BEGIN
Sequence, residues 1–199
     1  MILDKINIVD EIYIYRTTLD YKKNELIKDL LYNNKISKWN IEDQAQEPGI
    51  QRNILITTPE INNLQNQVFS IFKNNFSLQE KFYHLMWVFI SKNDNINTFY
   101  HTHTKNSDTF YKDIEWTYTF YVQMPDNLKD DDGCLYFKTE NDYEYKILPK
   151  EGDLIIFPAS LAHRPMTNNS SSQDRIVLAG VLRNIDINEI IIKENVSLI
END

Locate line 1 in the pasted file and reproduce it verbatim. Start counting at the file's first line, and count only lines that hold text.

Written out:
Sequence, residues 1–199